This basalt stele shows a full-length portrait of the deceased. It is currently on display in the garden of the National Museum of Damascus.
This stele shows a large sculpture of a man accompanied by the smaller figures of a woman and child and a Greek inscription. It is currently displayed in the garden of the National Museum of Damascus.
This funerary stele shows items that meant something to the deceased along with a crude Greek inscription. It is now displayed in the garden of the National Museum of Damascus.
This basalt relief attached to the wall of the National Museum in Damascus shows the tauroctony, the central cult scene of Mithraism where Mithras slays the bull to ensure the passage of the seasons and the continued fertility of the Earth.
This basalt relief of winged victories is displayed on an exterior wall of the National Museum of Damascus. The relatively crude carving of the object reflects the difficulty of working with basalt.
Views of the garden of the National Museum in Damascus that is used to display primarily Classical and Late Antique sculpture, sarcophagi and architectural elements.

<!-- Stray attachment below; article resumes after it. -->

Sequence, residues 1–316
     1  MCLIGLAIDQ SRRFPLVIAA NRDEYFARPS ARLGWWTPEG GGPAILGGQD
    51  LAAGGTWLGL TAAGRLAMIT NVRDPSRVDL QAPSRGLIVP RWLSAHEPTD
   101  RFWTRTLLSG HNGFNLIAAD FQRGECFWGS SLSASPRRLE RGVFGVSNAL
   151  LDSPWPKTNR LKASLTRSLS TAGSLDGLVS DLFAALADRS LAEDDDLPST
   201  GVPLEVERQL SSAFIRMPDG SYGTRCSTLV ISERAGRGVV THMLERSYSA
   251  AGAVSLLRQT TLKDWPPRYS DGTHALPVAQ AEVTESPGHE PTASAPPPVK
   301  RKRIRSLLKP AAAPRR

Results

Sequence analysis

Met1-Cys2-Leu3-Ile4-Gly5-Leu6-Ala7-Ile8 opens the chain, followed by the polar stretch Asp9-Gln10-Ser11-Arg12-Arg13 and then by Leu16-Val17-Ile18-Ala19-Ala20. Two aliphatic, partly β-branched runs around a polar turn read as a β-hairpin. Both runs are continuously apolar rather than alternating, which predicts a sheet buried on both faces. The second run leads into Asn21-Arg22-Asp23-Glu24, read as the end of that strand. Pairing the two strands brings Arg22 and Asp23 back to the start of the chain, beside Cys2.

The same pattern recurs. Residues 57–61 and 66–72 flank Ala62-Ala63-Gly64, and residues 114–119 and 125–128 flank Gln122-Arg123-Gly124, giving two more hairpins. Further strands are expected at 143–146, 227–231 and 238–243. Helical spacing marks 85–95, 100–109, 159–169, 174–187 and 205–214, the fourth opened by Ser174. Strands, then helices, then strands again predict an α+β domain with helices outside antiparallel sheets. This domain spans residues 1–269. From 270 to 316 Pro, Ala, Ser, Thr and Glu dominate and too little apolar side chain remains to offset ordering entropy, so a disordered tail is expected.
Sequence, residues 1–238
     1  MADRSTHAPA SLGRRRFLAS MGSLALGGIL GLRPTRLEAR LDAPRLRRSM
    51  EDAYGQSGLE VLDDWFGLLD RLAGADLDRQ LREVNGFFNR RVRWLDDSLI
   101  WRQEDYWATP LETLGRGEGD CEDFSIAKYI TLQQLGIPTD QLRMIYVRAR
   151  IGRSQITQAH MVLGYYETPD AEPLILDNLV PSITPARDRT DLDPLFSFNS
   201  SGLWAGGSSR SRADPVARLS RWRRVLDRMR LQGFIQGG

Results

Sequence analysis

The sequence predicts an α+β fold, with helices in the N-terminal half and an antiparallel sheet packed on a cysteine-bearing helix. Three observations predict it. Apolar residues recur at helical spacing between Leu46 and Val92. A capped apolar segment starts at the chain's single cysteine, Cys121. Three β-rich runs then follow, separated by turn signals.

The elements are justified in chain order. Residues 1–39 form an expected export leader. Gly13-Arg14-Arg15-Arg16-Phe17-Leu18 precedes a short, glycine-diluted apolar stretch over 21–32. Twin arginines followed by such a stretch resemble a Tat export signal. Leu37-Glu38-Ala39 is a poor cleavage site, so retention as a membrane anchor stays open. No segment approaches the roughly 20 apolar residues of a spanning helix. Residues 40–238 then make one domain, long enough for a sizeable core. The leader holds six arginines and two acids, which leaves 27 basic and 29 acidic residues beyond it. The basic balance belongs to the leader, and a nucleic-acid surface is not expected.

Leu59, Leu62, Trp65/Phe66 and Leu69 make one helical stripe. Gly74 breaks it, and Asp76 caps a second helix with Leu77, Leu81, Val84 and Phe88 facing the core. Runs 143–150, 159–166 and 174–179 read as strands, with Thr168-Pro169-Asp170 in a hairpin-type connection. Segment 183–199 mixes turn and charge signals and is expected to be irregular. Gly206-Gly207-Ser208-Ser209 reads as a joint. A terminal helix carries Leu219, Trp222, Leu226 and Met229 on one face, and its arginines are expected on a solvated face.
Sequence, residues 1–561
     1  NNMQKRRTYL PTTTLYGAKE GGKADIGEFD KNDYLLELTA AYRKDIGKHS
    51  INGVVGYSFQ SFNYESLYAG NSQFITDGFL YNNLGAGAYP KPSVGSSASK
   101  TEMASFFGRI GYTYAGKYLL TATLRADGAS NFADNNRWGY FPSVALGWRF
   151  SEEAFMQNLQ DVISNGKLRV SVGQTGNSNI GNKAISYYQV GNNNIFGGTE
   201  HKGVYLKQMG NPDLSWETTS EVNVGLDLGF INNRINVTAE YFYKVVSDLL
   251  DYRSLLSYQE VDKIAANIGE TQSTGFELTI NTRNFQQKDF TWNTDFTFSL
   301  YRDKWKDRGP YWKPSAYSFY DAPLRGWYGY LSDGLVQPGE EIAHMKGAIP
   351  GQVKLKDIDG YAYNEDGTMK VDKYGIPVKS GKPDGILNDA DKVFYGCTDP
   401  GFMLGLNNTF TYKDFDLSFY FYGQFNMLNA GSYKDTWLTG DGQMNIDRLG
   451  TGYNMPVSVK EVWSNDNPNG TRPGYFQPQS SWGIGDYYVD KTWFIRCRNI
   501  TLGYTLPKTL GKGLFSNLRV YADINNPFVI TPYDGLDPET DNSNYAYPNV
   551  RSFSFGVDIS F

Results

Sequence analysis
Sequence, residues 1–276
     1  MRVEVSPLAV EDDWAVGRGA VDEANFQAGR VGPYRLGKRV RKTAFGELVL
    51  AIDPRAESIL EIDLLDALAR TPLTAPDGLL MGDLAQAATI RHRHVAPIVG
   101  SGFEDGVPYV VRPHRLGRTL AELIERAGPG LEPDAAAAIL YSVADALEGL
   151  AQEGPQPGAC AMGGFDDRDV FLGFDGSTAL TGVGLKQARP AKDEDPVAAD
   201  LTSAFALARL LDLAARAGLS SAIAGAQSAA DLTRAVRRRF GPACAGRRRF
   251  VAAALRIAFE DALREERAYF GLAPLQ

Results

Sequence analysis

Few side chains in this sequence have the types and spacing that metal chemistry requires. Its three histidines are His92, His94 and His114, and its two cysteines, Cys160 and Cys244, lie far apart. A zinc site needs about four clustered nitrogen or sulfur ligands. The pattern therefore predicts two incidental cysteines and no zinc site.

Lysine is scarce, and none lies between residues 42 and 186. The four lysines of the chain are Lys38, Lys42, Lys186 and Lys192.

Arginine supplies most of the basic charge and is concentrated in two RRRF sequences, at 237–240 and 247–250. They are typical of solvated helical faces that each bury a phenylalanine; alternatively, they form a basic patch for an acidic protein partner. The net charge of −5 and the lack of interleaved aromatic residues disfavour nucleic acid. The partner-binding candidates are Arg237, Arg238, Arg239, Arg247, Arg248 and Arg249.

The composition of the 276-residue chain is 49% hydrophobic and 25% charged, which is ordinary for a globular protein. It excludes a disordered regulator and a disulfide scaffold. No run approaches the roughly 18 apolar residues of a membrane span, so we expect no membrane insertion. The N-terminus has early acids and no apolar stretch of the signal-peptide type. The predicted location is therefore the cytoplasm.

This carved basalt slab contains cruciform imagery but is extremely unlikely to have come from a church, as such motifs were widespread in the Roman and Late Antique periods and often were intended as abstract designs rather than having an underlying meaning.
These basalt doors are found across Syria, but generally most frequently originate from the Syrian Limestone Massif around Aleppo and Idlib provinces. They are found throughout the Late Antique period and were a particular feature of tower-houses occupied by multiple families. In some cases these doors have remained in situ, thus enabling us to see how they would have been far easier to operate than the modern viewer would expect.
One of the city gates of Bosra built of the local basalt.
A bath complex in the vicinity of the theatre of Bosra.